Currently, Multiple system atrophy cannot be prevented.


Diagnosis of MSA can be challenging because there is no test that can definitively make or confirm the diagnosis in a living patient. Clinical diagnostic criteria were defined in 1998 and updated in 2007. Certain signs and symptoms of MSA also occur with other disorders, such as Parkinson's disease, making the diagnosis more difficult.

A definitive diagnosis can only be made pathologically on finding abundant glial cytoplasmic inclusions in the central nervous system.


MSA usually progresses more quickly than Parkinson's disease.[32] There is no remission from the disease. The average remaining lifespan after the onset of symptoms in patients with MSA is 7.9 years.[32] Almost 80% of patients are disabled within five years of onset of the motor symptoms, and only 20% survive past 12 years.[33] Rate of progression differs in every case and speed of decline may vary widely in individual patients.

O’Sullivan and colleagues (2008) identified early autonomic dysfunction to be the most important early clinical prognostic feature regarding survival in MSA. Patients with concomitant motor and autonomic dysfunction within three years of symptom onset had a shorter survival duration, in addition to becoming wheelchair dependent and bed-ridden at an earlier stage than those who developed these symptoms after three years from symptom onset. Their study also showed that when patients with early autonomic dysfunction develop frequent falling, or wheelchair dependence, or severe dysphagia, or require residential care, there is a shorter interval from this point to death.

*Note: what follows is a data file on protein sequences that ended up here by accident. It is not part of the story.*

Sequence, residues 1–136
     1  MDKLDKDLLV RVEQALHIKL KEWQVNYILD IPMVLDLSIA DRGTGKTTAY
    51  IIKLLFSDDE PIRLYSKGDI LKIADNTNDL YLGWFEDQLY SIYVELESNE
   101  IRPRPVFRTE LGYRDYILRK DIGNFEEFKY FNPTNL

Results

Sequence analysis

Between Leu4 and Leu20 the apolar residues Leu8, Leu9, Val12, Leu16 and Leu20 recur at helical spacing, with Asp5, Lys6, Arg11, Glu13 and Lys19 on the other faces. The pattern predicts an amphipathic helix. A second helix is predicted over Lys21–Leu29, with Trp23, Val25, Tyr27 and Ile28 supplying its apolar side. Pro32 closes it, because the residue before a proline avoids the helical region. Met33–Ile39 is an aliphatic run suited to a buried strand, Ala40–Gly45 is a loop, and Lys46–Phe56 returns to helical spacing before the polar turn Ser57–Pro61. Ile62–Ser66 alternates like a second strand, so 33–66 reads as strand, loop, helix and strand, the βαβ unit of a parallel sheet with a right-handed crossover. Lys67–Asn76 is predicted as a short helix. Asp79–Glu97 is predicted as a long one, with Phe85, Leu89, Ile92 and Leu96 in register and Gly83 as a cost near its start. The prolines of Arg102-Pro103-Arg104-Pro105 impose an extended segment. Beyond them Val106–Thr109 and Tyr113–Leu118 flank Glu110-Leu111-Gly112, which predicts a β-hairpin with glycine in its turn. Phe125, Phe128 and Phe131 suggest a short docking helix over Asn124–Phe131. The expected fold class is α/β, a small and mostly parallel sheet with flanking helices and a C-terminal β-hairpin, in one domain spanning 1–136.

There is no discovered cure for MSA, so treatment involves controlling the symptoms.

Ongoing care from a neurologist specializing in "movement disorders" is recommended as the complex symptoms of MSA are often not familiar to less-specialized health care professionals.

One particularly serious problem, the drop in blood pressure upon standing up (with risk of fainting and thus injury from falling) often responds to fludrocortisone, a synthetic mineralocorticoid. Another common drug treatment is midodrine (an alpha-agonist). Non-drug treatments include "head-up tilt" (elevating the head of the whole bed by about 10 degrees), salt tablets or increasing salt in the diet, generous intake of fluids, and pressure (elastic) stockings. Avoidance of triggers of low blood pressure (such as hot weather, alcohol, dehydration) are crucial.